John: Yeah, I do think that there is a side of statistics, mathematical statistics that I think, I mean that for me as a pure mathematician, this is actually like my personality is such that if left to my own device, I would just sit in a room and solve math problems and they would become increasingly that's irrelevant over time, right? And that's what started to happen in math grad school. I noticed, you know, that I was becoming I mean, you need when you do like twelve hours math a day, you start to become like very strange person because you just are sitting in a room by yourself with your thoughts and you're working on things. And the extent to it like things are interesting because of the complexity and not because of the value in a large sense. Right. And I do think that yeah, I think it's a branch of statistics that, you know, mathematical statistics went down that path where they started to merge.You know, you can look at the relationship between statistics and measure theory or, you know, some I mean, it gets increasingly more abstract, right? Where people are just investigate problems for their own sake. So that needs to happen, right? Because your deep insights are gonna come from the people doing these like high level things, right. So that has to happen. But I do think that statistics allowed itself to get dominated by the mathematical side. And I think that may be part of what.
Gemma: And I think maybe what we're talking about is the difference between stats as you say, statistical theory and applied statistics. And I'm very much in applied statisticians. So honestly statistics is a tool in my toolkit. Like, I've also got a graphic toolkit. I've got a statistical toolkit of methods I can use. But ultimately, my goal is to solve real world problems using my tools. And I need to improve my coding if I want to do more kind of AI or machine learning type methods. Or I may need to look up some new methods. But ultimately, my job as a statistician, as an applied statistician hasn't changed. But that's just new tools out there. And I think that's where people get muddled because these data scientists, we're seeing their role as a scientific role and they use statistics where they see statisticians as just using statistics but not doing anything else. And I think that's like you say, I think it's the separation between applied and maybe pure.
John: All right. But I think there is an irony and tell me you think about this, I think there's an irony in that the use of the term data science, because for me, science is trying to understand things at a deeper level than to simply predict what's going to happen. You know, you think about like the Babylonians when they would they could predict with great accuracy where the planets were gonna be, but they had no reasonable model for what was actually going on, right? Whereas, you know, you think about well, certainly with Kepler, there was an actual model as to why things were the way they were. So if you build a statistical model where you have parameters that correspond to kind of known, I guess, I mean, they can be late in quantities but are late in, you know, so-called general regression model that might correspond to the impact some variable on the outcome, right? That you've got, I think, a statistical model that's well-developed. It's gonna be very informative because you can kind of read that model and have some sense of what the underlying structure that you're like, what is going on in the world that's driving the behavior that you're seeing. Right. Whereas a lot of the data scientific models are just black boxes in the sense that you've got some. Okay. You can do some things with random random forests to try to figure out variable importance. But at the extreme end, if you have a neural network, deep neural network, God knows what's going on inside that thing. And so a lot of times, you know, I see on social media data scientist taking the attitude. Well, who cares why it works as long as the predictions are accurate or at least reasonably, you know, or whatever measure your gonna use.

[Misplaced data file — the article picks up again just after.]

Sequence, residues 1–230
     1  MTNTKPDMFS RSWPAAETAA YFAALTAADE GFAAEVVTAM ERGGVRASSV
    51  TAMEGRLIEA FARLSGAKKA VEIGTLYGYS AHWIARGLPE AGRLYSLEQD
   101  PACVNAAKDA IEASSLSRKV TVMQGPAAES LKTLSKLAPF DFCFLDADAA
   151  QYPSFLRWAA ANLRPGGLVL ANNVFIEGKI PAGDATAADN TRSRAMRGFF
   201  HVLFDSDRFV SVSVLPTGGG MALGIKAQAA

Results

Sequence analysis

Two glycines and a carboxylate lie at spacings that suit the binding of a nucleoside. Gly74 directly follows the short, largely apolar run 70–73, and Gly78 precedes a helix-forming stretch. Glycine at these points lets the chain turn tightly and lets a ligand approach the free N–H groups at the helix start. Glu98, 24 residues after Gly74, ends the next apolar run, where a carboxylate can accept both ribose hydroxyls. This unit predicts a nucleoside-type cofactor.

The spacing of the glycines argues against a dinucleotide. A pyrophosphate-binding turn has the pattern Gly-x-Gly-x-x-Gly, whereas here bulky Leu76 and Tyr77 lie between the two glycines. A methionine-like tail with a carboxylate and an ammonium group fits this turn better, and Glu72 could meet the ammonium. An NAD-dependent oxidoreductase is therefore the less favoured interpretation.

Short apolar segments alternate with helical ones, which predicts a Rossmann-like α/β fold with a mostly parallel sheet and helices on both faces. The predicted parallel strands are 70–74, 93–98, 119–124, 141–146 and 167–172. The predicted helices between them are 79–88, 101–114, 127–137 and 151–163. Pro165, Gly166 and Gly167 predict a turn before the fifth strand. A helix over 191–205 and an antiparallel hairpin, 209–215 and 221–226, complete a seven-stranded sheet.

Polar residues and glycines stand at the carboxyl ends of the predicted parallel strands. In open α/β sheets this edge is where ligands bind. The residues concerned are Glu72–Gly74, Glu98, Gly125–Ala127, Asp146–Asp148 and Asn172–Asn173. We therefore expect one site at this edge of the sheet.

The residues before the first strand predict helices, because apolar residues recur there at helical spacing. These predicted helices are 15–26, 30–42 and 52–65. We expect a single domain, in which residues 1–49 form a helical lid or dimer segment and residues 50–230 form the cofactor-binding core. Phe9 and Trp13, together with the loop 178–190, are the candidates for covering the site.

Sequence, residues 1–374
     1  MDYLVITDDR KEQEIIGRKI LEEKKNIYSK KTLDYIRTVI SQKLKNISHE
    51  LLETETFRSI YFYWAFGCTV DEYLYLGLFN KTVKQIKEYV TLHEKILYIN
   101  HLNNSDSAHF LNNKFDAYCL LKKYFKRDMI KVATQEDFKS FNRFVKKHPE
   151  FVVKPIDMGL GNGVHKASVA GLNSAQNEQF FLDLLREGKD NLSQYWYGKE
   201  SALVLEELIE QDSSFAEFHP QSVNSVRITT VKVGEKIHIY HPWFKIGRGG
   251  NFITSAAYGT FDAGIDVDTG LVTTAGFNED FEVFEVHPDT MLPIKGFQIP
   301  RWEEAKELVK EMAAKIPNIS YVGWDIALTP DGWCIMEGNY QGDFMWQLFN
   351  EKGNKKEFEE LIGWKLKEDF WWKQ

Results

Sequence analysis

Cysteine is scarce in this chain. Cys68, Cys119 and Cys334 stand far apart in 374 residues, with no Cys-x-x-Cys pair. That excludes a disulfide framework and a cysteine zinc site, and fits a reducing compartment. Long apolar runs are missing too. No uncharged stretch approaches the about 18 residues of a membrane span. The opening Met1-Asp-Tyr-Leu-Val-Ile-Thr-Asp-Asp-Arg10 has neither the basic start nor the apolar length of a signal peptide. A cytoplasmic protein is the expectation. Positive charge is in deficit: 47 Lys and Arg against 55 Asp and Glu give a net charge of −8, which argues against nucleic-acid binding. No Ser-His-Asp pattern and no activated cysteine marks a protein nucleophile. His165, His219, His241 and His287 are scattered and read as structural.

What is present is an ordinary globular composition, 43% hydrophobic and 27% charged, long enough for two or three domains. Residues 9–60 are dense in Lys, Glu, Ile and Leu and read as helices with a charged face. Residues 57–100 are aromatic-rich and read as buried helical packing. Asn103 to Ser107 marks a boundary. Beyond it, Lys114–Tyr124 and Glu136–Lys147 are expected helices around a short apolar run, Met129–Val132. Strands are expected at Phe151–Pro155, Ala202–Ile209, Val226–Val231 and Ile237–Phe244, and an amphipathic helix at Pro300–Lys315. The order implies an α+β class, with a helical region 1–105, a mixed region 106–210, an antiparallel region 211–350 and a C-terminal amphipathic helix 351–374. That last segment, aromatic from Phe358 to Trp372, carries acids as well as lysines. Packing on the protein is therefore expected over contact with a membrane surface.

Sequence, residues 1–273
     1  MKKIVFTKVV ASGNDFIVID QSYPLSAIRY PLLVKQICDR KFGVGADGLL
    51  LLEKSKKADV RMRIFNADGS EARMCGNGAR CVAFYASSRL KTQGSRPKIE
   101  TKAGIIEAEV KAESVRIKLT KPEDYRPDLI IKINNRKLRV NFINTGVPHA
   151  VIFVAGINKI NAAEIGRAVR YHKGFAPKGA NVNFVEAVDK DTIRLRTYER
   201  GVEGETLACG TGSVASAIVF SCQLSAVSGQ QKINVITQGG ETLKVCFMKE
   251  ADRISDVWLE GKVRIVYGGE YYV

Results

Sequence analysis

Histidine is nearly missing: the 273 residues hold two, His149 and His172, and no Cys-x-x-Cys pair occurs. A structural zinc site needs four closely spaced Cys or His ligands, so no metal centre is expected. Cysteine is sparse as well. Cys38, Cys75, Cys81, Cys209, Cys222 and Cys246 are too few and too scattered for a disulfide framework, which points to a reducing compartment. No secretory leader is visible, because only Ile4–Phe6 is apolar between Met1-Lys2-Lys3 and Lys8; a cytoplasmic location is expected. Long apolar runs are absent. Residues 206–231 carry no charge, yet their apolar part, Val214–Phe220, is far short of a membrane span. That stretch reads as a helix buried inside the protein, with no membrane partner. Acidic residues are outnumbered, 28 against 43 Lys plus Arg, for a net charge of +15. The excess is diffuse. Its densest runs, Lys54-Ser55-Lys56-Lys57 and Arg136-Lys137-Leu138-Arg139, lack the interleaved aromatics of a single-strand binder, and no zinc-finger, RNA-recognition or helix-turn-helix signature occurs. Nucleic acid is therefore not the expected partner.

Gemma: I think that's the danger and I think certainly as applied statisticians or data scientists, whatever you want to call them, I think at job at the moment because of where the science sees, you know, it's relatively new. I have a responsibility to employers, to businesses is to you know, we're a community of highly numerate people. But the large majority of you know, that doesn't necessarily mean that all the business owners who might want to use machine learning techniques or AI or anything or statistics generally are highly numeral. And I think I think we're bad as a community, a community at communicating what's useful and what's not. Because not every business needs machine learning and I think that the thought is now that if you're not doing it, you're missing out. And that's simply not true. And I think with we're doing people a disservice when they're investing in data scientists must have a data scientist because that's what I need. And they don't need that. And I think it's our job to educate people. But to be able to educate people, we've really got a pin down what is we all do and what value we can add to businesses and we can add values. Well, I think we're bad at doing that. I think we just, yeah offered you a model. You know, it may be completely useless, but at least we did one, you know, that kind of thing.